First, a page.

Tanacetum parthenium (feverfew)
Remedy for headaches that sows itself along the road
Feverfew has a history dating back to monastic medicine, used as a remedy for headaches and migraines. How widespread its use has been in Norway is uncertain, but the herb is mentioned in ‘Gammel urtebok’ (the old herbal book) of Ulvik (1574 and 1626). The plant has certainly been grown here for a long time, it naturalises readily and is commonly found along the roads among older buildings of coastal towns.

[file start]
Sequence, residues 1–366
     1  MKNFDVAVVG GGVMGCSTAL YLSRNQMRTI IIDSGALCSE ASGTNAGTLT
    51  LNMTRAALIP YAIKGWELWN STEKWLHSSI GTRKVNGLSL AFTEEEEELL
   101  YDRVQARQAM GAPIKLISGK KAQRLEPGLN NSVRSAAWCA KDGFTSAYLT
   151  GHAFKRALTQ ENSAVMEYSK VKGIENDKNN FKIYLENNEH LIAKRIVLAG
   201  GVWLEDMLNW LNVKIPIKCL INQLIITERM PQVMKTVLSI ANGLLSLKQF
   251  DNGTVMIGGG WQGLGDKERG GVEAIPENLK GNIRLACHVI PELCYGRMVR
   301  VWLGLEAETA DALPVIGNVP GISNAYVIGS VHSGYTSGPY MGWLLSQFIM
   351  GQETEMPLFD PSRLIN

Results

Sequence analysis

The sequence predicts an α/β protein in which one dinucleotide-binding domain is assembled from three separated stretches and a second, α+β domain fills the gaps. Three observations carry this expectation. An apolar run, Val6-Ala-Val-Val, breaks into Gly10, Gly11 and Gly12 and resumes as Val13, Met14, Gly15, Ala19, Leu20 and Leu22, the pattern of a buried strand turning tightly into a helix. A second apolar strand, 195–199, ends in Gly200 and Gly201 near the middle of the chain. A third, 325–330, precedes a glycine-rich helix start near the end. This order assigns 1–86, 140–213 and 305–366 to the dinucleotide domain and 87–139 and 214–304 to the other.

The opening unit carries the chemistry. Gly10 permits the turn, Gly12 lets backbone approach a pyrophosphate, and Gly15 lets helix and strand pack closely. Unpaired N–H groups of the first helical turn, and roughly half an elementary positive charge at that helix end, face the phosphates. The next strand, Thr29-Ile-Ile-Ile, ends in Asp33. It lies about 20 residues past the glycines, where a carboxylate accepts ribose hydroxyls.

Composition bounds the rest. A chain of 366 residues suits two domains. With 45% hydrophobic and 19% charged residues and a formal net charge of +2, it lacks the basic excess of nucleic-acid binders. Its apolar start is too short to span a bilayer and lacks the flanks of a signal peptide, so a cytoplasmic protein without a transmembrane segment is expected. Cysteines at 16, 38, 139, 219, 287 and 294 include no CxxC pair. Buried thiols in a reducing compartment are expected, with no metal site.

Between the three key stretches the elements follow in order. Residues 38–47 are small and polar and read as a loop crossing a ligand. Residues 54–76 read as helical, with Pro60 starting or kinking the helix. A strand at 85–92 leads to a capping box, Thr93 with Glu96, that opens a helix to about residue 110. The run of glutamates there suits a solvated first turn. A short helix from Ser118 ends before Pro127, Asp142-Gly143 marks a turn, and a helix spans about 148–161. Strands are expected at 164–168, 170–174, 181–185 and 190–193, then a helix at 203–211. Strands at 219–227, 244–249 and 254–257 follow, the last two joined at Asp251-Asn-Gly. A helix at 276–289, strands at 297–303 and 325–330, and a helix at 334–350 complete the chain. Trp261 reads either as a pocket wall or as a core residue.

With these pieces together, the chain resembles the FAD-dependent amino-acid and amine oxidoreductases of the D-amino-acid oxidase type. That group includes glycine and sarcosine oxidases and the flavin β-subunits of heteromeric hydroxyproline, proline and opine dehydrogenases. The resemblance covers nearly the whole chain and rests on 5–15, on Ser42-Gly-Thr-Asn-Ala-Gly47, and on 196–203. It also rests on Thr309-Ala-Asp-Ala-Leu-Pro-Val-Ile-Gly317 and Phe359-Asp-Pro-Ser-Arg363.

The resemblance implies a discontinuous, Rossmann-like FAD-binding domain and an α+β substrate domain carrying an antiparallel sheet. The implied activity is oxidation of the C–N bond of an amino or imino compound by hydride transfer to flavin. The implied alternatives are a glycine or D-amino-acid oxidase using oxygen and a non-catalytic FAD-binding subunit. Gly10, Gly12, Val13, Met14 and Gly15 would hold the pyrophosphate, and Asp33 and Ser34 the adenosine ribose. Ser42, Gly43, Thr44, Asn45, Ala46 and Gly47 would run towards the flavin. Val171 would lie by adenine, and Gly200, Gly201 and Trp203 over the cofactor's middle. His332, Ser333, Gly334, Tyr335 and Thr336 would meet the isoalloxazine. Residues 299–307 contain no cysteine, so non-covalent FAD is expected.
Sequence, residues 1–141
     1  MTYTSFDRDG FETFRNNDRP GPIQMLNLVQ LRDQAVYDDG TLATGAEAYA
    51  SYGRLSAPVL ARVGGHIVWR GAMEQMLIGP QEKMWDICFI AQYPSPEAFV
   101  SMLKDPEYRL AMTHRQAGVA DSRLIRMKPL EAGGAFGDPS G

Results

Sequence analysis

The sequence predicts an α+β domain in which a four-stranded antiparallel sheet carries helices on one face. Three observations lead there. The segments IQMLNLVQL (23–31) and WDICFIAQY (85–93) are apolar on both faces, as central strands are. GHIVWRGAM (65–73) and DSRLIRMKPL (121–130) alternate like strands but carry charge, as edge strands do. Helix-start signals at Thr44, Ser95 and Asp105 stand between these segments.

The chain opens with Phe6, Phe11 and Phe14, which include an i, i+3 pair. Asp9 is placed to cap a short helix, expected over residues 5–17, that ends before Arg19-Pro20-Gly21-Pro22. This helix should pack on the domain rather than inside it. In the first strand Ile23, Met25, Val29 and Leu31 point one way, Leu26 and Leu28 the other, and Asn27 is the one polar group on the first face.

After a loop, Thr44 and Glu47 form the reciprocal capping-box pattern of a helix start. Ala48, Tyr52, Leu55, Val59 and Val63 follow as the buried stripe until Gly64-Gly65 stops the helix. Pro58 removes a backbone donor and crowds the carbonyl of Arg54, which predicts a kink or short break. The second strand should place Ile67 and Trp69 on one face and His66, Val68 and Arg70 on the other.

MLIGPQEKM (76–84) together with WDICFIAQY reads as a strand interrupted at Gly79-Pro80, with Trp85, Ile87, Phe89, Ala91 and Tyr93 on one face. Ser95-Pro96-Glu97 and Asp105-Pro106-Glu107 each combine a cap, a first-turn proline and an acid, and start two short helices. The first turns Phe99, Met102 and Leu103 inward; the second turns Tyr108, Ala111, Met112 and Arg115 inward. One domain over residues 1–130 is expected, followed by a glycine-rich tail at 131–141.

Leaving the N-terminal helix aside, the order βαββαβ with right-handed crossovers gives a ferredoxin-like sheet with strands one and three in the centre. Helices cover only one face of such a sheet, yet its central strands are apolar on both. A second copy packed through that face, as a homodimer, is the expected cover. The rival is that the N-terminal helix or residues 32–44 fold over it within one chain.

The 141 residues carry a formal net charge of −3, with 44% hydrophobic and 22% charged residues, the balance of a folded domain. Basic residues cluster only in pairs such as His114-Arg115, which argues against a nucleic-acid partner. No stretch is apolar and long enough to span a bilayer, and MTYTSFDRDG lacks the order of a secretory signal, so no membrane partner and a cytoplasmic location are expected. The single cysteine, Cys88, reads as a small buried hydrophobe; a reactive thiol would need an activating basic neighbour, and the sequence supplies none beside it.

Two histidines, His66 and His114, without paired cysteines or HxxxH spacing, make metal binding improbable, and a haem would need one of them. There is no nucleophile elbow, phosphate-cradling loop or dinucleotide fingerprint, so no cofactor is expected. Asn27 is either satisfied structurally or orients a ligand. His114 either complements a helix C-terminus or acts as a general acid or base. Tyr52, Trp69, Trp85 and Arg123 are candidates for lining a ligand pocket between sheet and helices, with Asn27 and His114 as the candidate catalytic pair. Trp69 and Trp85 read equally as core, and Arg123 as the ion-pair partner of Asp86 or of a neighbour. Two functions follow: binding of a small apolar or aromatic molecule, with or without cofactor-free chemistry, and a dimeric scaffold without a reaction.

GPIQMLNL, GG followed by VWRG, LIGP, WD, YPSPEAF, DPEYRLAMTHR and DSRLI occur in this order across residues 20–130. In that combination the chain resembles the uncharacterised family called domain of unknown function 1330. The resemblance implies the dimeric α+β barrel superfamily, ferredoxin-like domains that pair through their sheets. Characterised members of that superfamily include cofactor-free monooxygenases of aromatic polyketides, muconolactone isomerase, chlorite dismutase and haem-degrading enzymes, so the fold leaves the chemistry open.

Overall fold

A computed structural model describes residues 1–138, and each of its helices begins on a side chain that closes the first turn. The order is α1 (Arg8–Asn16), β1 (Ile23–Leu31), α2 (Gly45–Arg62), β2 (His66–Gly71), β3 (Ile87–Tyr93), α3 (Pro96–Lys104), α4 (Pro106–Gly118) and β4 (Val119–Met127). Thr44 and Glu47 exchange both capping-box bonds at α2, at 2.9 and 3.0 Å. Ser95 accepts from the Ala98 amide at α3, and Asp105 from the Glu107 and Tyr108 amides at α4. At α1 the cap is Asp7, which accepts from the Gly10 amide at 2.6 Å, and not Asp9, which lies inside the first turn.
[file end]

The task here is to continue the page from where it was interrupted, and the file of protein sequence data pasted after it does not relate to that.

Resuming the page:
Varieties with doubled flowers were popular ornamental plants in the 18th century. These are mentioned by the priest Hans Strøm from gardens in Sunnmøre and are preserved in the Besche herbarium in Bergen (1719).
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